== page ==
Monthly Recommendations: June 2020

Prudent Primate – Aphelion

It’s not the first Prudent Primate album I find myself enjoying, although it’s my first time writing about them here. Aphelion is Bristol’s nu jazz quartet’s latest offering, and it’s also their finest! From their debut 2018 album through their 2019 EP, the band has honed its sound and sharpened their own grasp of what exactly works right for them, giving way to a considerable album with zero filler content; only good vibes and amazing musicianship.

Read more.


The Central – Dentist

One of the nuttest mathcore bands out there just released a brand new surprise album: The Dentist! As you can expect if you’ve ever heard the band, The Dentist is spazztastic and femtoglobulic to a floven degree! If that sentence makes no sense to you, it emulates what you might find whet you hit the play button.

Read more.


Ort – Imagine: Being an Animal

Some of the best math rock entities seem to come out of the guitar-and-drums duo. Ort is no different, and, after their 2017 self-titled, they’re back with a more fully fleshed-out follow-up called Imagine: Being an Animal. Not purely math rock by any means, the band draws heavy inspiration from noise rock and post-hardcore as well, giving something more straighforward in terms of rhythmics, but compensating with more energetic and driving riffs. It’s certainly a release that bodes well for the future of the duo.

Read more.


Anatrofobia – Canto fermo (Aut)

What a weird and ingenious record this is, I have to say! Anatrofobia are back from a thirteen-year silence with Canto fermo, an experimental jazz record both daring and silent. One aspect of its complex personality is the unhinged creativity at the core of the compositions, showing no shame nor restraint as to its potential or capabilities. The other side is represented by the hushed, almost shy vocals of Cristina Trotto Gatta, barely audible, providing a deranging, eerie feeling that permeates through the whole album. The two parts really are what makes the album so fantastic.

Read more.


Nihiloxica – Kaloli (Crammed Discs)

Nihiloxica sounds like Afrofuturistic dystopian electro music, but at its core, it’s a six-headed percussion ensemble from Uganda. I’ve greatly enjoyed their previous, shorter releases, but Kaloli is their first full-length. On the album, the band showcases what they do best: repetitive but evolving tribal beats where the past meets the future with dark synth lines, oppressive rhythms, and deranging soundscapes. It’s a massive success, and there is plenty to enjoy and dig into on the record!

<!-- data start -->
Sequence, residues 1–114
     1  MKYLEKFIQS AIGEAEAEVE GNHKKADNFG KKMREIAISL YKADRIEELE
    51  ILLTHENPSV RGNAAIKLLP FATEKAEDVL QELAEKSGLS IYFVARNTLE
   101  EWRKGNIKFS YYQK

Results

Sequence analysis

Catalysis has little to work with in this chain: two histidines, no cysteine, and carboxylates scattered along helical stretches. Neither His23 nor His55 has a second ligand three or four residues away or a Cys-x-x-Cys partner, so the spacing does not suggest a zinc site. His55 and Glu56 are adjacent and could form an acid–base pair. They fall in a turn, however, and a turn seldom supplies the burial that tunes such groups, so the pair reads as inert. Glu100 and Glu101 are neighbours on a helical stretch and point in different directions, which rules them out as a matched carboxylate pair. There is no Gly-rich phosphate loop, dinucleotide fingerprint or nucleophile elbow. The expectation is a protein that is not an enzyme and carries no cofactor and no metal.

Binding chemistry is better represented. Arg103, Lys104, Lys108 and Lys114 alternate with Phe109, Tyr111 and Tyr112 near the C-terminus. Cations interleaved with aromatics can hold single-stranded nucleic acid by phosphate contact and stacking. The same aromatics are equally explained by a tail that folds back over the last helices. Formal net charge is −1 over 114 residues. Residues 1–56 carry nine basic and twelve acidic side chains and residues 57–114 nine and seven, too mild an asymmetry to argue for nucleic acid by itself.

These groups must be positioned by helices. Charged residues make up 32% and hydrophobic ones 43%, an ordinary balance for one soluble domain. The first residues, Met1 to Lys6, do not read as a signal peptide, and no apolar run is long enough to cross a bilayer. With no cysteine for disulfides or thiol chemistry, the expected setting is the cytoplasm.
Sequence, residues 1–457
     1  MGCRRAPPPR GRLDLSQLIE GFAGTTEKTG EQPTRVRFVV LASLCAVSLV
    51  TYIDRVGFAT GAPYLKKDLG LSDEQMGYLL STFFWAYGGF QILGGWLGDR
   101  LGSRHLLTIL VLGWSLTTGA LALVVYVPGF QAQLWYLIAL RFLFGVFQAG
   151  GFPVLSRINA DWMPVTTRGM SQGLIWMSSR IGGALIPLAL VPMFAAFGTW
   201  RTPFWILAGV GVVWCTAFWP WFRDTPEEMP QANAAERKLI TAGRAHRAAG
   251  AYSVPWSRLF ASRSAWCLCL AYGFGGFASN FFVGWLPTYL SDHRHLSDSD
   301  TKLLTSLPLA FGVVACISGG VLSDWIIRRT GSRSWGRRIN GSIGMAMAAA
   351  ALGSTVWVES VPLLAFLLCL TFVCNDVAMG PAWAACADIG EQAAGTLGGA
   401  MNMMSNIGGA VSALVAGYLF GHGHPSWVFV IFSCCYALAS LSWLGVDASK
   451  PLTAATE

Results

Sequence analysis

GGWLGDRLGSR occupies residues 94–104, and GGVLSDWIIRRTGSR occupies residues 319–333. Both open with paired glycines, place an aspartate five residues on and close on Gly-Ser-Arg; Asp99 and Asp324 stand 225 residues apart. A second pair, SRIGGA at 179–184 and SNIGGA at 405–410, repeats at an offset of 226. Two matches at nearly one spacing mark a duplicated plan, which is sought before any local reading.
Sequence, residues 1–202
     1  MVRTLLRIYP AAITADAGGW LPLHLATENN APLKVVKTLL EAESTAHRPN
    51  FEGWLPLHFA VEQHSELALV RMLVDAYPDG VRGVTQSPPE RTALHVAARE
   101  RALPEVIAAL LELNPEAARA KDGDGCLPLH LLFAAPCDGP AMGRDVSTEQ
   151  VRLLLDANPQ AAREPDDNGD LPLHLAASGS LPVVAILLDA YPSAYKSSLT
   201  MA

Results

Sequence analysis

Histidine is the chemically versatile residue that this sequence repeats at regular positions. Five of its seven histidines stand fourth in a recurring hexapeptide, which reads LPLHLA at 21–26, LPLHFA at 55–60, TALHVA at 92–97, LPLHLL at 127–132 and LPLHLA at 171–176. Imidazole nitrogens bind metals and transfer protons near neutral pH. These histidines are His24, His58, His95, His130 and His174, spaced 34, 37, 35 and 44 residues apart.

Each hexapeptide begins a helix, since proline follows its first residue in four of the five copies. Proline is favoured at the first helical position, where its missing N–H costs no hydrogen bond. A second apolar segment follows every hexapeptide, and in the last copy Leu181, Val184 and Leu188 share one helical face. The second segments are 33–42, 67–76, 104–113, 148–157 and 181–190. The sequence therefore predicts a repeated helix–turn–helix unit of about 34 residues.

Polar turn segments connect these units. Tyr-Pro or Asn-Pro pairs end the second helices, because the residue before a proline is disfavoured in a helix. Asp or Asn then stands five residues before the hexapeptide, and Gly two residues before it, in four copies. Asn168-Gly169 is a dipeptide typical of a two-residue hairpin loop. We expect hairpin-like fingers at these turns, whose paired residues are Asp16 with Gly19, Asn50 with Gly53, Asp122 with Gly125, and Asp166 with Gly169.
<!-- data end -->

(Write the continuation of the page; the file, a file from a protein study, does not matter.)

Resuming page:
Read more.


Brandon Seabrook, Cooper-Moore, and Gerald Cleaver – Exultations (Astral Spirits)

Guitarist Brandon Seabrook is no newcomer to this blog. His style of playing and composition is uniquely bewildering and his participation with other musicians always memorable. This time, it’s a legendary trio with Cooper-Moore and Gerald Cleaver. Exultations, out on Astral Spirits, is a different kind of free jazz record, one only Seabrook et al. could achieve. It’s noisy, off-kilter, but weirdly balanced, which makes it all the more rewarding to listen to.

Read more.


Maud the Moth – Ὀρφνή [Orphnḗ / Orphnē] (Nooirax)

Maud the Moth is the solo project of classically-trained singer and multi-instrumentalist Amaya López-Carromero. Her compositions cover a wide range of genres and styles, from folk to jazz to classical and more experimental and avant-garde srtylings as well. Ὀρφνή—which is the name of a Nymph, also known as Styx, who lived in Hades—is a creative and otherworldly album with glorious production and even better compositions.

Read more.


Klô Pelgag – Notre-Dame-des-Sept-Douleurs (Secret City)

Klô Pelgag is spearheading the new art pop movement in Québec, with her idiosyncratic compositions, eccentric performances, and grasp of musical and lyrical components. Hopefully, her example will encourage many other artists to disregard boundaries. Notre-Dame-des-Sept-Douleurs, named after the village of the same name, is an exquisite pop album, sung in French, that plays with the abstract and absurd, the progressive structures and progressions, and with a large range of instrumentation providing a fitting backbone to the outstanding songs it harbours. Give it a listen, or ten, you shan’t be disappointed.

Read more.


Neptunian Maximalism – Eons (I, Voidhanger)

Eons is, first and foremost, a trilogy. A three-disc monument transmuting doom metal, spiritual free jazz, and psychedelic music, just as the description mentions, in three steps: To the Earth, To the Moon, and To the Sun, about forty, thirty, and sixty minutes long respectively. As you can see and hear from the video, the band—a quartet formed of Guillaume Cazalet, Jean-Jacques Duerinckx, Sébastien Schmit, and Pierre Arese—doesn’t limit itself with traditional metal instruments, but also adds sitar, flute, saxophone, and various percussion to name but a few. The over two-hour spiritual voyage is truly something out of this world; heavy and psychotropic and spiritual. It comes out in June.

Read more.


Sanggar Tripittaka – Ndag surye (Insitu)

One of the most amazing things I find with music nowadays is the reappropriation of traditional music and its recontextualization in today’s world. One such example of this is Sanggar Tripittakan‘s contemporary gamelan ensemble, playing the compositions of three modern gamelan musicians. The result is this beautiful amalgamation of Indonesian music, very lyrical, and off-putting to the Westerner’s ears. I’d strongly recommend consuming more gamelan and non-Western music, starting with this one, to develop your ear, open-mindedness, and comprehension. Just like spicy food, you can’t truly appreciate it unless you’re somewhat accustomed to it. I urge you go down that path, and this album is a marvellous starting point.

Read more.


On July 1 2020, this entry was posted.
Loading Facebook Comments ...